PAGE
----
A NAP BY THE KICKAPOO
by Merrill Gilfillan
What a face
on that barred owl
dead beside the road --
Rolled it over to see.
Round, jolly, cowled. Lightly
The calm cosmonautical
with the simian fey.
sing. "We hated to be apart.
Even for five minutes."
The dreams come down --
Extra! Extra! --
from the cedared hills
across scant pasture
and April brambles
to the leaky
treehouse on the knoll
beyond the stream.
from The Seasons Merrill Gilfillan, Adventures in Poetry/Zephyr Press ($12.50)
This is one of those poems that, because of its perspective and intensity, makes the natural seem hyperreal or maybe surreal, certainly full of symbolic or near mythic significance yet permeated by a very real and present emotionality.
The owl, rolled over, is like a body. The anthropomorphism of “jolly” and “cowled” makes the owl the body of some kind of monk. I wonder about "lightly/ concentrically ringed" – the phrase comes off as clumsy. What might this point to—it's round, but then, being dead, is somehow misshapen, clumsy, even though it is fey? I do like that "simian fey" line. I think that's Tina's older brother. Her younger sister is Auto De La. The concentric and the cosmonautical. I’m put in mind of the roundness of the space helmet. The owl travelling on a celestial voyage to that place of perpetual mouse-coloured twilight where owls’ souls fly after death.
"We hated to be apart." It is a lovely moment. Is that the narrator or the birds? Birds calling to each other is like that. "We hated to be apart." We need to be together if only in this song which spans trees. A delicate, touching anthropomorphism, I think. But it works both ways. We are like fox sparrows. Our memories, our shared childhood rituals call to each other across our different lives, across time, even if treehouse leaky with forgetting, regret, and the dreamy imprecision of napping reverie. “We hate to be apart.”
"Extra, extra!" Dreams as news. I like the idea. I initially questioned the phrase. I know it is supposed to be jarring. It is different than anything else in the poem and is followed by carefully nuanced lyricism. At first it seemed a bit clichéd and banal here; however upon further consideration, I like its modulation of the overall lyricisms of the poem, its rupture of the reverie. I’m ready to hear it as the news of dreams waking the narrator, like a flock of birds diving low overhead, dream birds flying into the leaky treehouse of the mind. Dreams and memories are news that stay news, even if they’re only ‘human interest stories.’
This is, in one way, a simple poem (the narrator sees a dead bird, then has nap in treehouse – or maybe the dead bird is part of the dream) but it also has a range of other aspects inside it. The loss/nostalgia of "we hated to be apart" brings us to consider the death of the owl as paralleled by the loss, or even death, of a lover, sibling, friend, or maybe just a return to a youthful treehouse and the remembering of a past loved one which seems to come from the cedared hills, from the world itself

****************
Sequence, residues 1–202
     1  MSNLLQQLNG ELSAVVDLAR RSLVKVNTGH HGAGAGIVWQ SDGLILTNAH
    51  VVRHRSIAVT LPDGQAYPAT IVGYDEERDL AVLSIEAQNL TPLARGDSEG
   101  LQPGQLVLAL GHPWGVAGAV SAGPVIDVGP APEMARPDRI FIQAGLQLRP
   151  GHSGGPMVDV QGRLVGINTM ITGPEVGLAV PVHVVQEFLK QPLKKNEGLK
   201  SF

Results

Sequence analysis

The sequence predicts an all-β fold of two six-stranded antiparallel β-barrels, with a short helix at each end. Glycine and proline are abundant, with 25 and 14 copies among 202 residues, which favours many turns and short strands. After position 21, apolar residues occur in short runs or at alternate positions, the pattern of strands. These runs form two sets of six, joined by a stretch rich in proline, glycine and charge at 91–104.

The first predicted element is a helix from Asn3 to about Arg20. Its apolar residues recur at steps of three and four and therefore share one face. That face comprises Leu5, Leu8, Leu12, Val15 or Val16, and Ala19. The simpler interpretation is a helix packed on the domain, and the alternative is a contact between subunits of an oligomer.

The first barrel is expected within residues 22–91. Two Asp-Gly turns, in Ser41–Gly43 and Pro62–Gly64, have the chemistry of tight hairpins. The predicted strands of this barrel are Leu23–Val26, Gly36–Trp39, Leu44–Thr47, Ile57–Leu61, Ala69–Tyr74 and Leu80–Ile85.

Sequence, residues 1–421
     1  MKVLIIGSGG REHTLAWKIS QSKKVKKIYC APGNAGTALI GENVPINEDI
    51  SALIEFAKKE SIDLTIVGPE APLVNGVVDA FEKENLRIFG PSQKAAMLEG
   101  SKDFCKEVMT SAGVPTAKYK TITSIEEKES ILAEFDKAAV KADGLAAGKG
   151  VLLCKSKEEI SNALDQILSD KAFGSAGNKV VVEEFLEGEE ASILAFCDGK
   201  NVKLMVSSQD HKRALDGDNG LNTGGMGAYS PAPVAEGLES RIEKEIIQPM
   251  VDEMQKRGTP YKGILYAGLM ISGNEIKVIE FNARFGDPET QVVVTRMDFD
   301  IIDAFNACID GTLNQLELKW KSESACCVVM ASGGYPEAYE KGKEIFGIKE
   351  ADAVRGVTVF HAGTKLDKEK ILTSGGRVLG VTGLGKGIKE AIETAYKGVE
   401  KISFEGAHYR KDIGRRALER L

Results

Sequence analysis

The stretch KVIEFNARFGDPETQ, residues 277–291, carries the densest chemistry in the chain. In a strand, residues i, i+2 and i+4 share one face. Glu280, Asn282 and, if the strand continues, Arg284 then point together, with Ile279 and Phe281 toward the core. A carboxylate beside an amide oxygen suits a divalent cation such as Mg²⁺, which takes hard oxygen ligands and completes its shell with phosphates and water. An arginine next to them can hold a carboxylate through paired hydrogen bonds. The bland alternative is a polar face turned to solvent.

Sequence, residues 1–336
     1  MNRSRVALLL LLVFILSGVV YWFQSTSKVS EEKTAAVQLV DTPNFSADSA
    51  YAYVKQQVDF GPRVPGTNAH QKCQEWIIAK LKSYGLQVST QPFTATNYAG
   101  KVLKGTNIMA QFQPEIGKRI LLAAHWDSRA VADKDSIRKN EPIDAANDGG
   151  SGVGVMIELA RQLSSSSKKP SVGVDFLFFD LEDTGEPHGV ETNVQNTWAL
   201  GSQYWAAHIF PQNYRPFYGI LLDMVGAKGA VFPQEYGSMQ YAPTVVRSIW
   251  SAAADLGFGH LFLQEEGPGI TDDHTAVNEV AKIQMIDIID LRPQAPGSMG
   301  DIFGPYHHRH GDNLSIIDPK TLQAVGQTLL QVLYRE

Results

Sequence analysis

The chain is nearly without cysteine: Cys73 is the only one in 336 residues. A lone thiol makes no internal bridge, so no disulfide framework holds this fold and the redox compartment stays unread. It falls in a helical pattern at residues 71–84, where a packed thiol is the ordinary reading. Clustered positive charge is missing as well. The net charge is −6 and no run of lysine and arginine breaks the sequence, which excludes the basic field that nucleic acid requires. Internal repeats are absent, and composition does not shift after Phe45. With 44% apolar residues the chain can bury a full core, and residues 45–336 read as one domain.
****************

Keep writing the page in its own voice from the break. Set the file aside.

Owls are always a rich symbol or image, whether of wisdom, knowledge the supernatural, or death. This particular owl, being both cowled and cosmonautical, has otherworldy resonances yet has the pathos of a victim face down on the side of a road. The turned-over owl looks up with a face that is both other yet affecting, both calm and fey, cosmonautical and simian, moon allusive and animal real, which I’d say, is as beautifully subtle and nuanced definition of memory, loss, regret, and dreams as one is likely to find by the side of any road.
A few years ago, Stuart Ross and I began a short-lived listserv called “Poem Chomsky” to discuss our reading of specific poems. Sometimes, encouraged by Richard Huttel, our small group of intrepid readers sent in poems without the author’s names on them in order to explore the meaning of context and expectation. Stuart contributed the poem from Gilfillan a poet from Colorado, who I’d never heard of (Stuart included the poet’s name.) The above, cleaned up for public viewing, developed from my response.
Gary Barwin is a writer, composer, and performer. His music and writing have been published and presented in Canada, the US, and overseas. He received a PhD in Music Composition and was the recipient of the KM Hunter Foundation Artist Award for his writing. Seeing Stars, a YA novel, was a finalist for both Canadian Library Association YA book of the year, and an Arthur Ellis Award. His poetry includes Outside the Hat and Raising Eyebrows (both Coach House) and, with derek beaulieu, frogments from the frag pool (Mercury) His fiction includes Doctor Weep and other strange teeth and Big Red Baby. The Briefcase Hand, a new poetry collection, is forthcoming from Coach House. Lives in Hamilton, Ontario and teaches music at Hillfield Strathallan College. He can be found at garybarwin.com and serifofnottingham.blogspot.com
See my conversation with Gary Barwin here and my review of Frogments here.